On 26th December 2019, 627 pieces of Classic Doctor Who content were made available to Britbox subscribers. Every Sunday in 2020, our Doctor Who expert, Tony Cross, looks back at some of the classic stories. Here is the Fourth Doctor adventure The Armageddon Factor ...
Find Tony's full Classic Doctor Who on Britbox list of reviews here.
Alas the disappointment that was 'The Power of Kroll' is followed by an equally disappointing & overlong finale. The Armageddon Factor is pretty poor.
It drags. Oh heavens it drags. Those interminable scenes between K9 & Mentalis; the endless circling of corridors; Merak & Astra-the pathetic & cow-eyed lovers & the Shadow's repeated villainous laughter. And there's a convenient time loop that allows us to watch the same scenes over & over again even after we've got the point so as to fill up precious time. It's like watching paint dry on a damp day.
I know all of that sounds harsh but the Key to Time started off so well but ended with a disappointing whimper. A season long story arc - something we are now more than familiar with in New Who - that was simply an excuse to link a lose series of adventures together & which is then thrown away at the end.
Twenty-six episodes spent gathering the Key to Time together in order to save the Universe by command of the White Guardian & the Doctor just breaks it all up when he realises that he's talking to the Black Guardian.
The Black Guardian hasn't even taken charge of events himself, instead he's left the Shadow to deal with things & as often is the case when subordinates take charge in Doctor Who this turns out to be a bad idea. The Black Guardian claims he has been expecting this all along. In which case why the hell drag us through all of that. Why not just wait until the Doctor's collected all the bits & then pull the Guardian swap? It's almost Master-ish in its ineptitude.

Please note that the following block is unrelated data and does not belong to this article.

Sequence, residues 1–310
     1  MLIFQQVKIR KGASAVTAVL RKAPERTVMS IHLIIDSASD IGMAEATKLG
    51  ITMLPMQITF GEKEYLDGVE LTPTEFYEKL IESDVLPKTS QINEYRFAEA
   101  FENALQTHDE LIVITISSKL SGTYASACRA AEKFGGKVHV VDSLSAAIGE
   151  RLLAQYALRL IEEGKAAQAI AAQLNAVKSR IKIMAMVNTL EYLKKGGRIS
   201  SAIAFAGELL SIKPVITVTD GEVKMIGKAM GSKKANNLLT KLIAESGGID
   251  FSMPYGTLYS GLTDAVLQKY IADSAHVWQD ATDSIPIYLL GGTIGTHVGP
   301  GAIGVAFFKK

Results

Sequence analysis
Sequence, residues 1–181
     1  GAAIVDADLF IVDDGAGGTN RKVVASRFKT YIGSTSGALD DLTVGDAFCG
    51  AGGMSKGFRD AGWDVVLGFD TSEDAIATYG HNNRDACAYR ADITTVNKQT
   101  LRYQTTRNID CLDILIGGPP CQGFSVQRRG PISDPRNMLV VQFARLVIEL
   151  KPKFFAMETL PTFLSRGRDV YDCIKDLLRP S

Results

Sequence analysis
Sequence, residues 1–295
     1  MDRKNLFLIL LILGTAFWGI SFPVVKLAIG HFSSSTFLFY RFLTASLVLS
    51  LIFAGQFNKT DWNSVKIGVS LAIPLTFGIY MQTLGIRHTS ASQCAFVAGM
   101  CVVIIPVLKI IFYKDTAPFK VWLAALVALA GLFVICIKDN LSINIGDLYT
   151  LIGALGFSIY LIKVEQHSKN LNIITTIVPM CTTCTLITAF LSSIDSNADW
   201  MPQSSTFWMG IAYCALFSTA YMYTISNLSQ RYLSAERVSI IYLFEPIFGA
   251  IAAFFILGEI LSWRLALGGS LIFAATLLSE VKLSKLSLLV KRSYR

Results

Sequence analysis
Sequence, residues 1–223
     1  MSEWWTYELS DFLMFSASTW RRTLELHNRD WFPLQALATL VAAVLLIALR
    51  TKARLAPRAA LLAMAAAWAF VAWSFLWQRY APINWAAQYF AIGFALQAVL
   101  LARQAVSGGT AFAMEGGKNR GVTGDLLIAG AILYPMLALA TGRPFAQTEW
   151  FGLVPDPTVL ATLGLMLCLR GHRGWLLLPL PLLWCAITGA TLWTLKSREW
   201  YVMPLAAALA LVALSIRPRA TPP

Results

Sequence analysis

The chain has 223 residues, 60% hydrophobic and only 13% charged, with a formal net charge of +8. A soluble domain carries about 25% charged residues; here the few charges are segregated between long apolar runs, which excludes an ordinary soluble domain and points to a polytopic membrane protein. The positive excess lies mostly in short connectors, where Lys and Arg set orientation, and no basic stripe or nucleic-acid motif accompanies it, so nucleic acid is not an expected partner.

The Shadow is such a total idiot that his method of mind control requires sticking a large obvious thing on someone’s neck in a place where it can be seen. No cunning hypnosis, no circuits hidden behind ears...oh no. It must be a liquorice allsorts stuck on the neck.
The White Guardian - perhaps lulled into a coma by the shear tediousness of the last six episode - can't even be bothered to turn up for a curtain call.
There are some good bits: the final segment being a person not an inanimate object; the insane military mindedness of the Marshall, which John Woodvine plays like a Shakespearean villain having a nervous breakdown; Drax (Barry Jackson) the wide boy Time Lord with a London accent following ten years in Brixton prison I like. It's fun to see a Time Lord who isn't an out & out villain, just a little dodgy.
Tom's a tad off the beat in this to. Like he's performing in a slightly different story to the rest of the cast. Mary Tamm looks lovely but you can see why she wanted to leave as Romana doesn't get a great deal to do. It's a bit of a waste of talent.
However I reserve the worst of my ire for poor old Ian Saynor's Marek who is supposed to be a surgeon but spends most of the story wandering around like a lost puppy but with less intelligence. It's not the actor's fault really, it's the badly written nature of the part. Lalla Ward does slightly better as Princess Astra (aka the Sixth Segment), especially in the final couple of episodes but that's because she's given more to do than Ian Saynor. Marek's not even two-dimensional but Astra is.
I'm being a bit harsh on this perhaps but mainly because it is such a poor end to a season that started off well. I can see this one gathering dust on the shelves for some time to come.
Tony Cross is the creator of the wonderful Centurion Blog's found HERE and HERE.
Image – BBC.